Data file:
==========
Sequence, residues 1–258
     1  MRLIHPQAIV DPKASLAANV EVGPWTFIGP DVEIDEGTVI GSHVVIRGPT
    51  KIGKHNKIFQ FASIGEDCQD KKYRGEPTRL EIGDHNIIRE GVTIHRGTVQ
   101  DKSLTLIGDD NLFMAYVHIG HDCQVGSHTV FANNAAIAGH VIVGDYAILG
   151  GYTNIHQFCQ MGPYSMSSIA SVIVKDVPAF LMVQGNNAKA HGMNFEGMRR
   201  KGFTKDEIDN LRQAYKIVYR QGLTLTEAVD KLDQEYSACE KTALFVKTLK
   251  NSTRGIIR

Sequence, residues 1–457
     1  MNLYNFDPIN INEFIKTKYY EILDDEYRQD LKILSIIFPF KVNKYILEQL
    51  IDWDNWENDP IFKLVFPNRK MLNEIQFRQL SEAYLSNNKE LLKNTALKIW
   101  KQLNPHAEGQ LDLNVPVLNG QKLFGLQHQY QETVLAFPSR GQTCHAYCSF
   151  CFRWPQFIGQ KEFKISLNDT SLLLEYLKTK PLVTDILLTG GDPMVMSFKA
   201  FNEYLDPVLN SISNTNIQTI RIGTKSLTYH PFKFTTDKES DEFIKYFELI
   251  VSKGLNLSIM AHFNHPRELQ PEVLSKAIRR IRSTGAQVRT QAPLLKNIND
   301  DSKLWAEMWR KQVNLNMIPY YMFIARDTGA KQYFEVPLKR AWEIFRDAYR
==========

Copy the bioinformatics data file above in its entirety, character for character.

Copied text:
Sequence, residues 1–258
     1  MRLIHPQAIV DPKASLAANV EVGPWTFIGP DVEIDEGTVI GSHVVIRGPT
    51  KIGKHNKIFQ FASIGEDCQD KKYRGEPTRL EIGDHNIIRE GVTIHRGTVQ
   101  DKSLTLIGDD NLFMAYVHIG HDCQVGSHTV FANNAAIAGH VIVGDYAILG
   151  GYTNIHQFCQ MGPYSMSSIA SVIVKDVPAF LMVQGNNAKA HGMNFEGMRR
   201  KGFTKDEIDN LRQAYKIVYR QGLTLTEAVD KLDQEYSACE KTALFVKTLK
   251  NSTRGIIR

Sequence, residues 1–457
     1  MNLYNFDPIN INEFIKTKYY EILDDEYRQD LKILSIIFPF KVNKYILEQL
    51  IDWDNWENDP IFKLVFPNRK MLNEIQFRQL SEAYLSNNKE LLKNTALKIW
   101  KQLNPHAEGQ LDLNVPVLNG QKLFGLQHQY QETVLAFPSR GQTCHAYCSF
   151  CFRWPQFIGQ KEFKISLNDT SLLLEYLKTK PLVTDILLTG GDPMVMSFKA
   201  FNEYLDPVLN SISNTNIQTI RIGTKSLTYH PFKFTTDKES DEFIKYFELI
   251  VSKGLNLSIM AHFNHPRELQ PEVLSKAIRR IRSTGAQVRT QAPLLKNIND
   301  DSKLWAEMWR KQVNLNMIPY YMFIARDTGA KQYFEVPLKR AWEIFRDAYR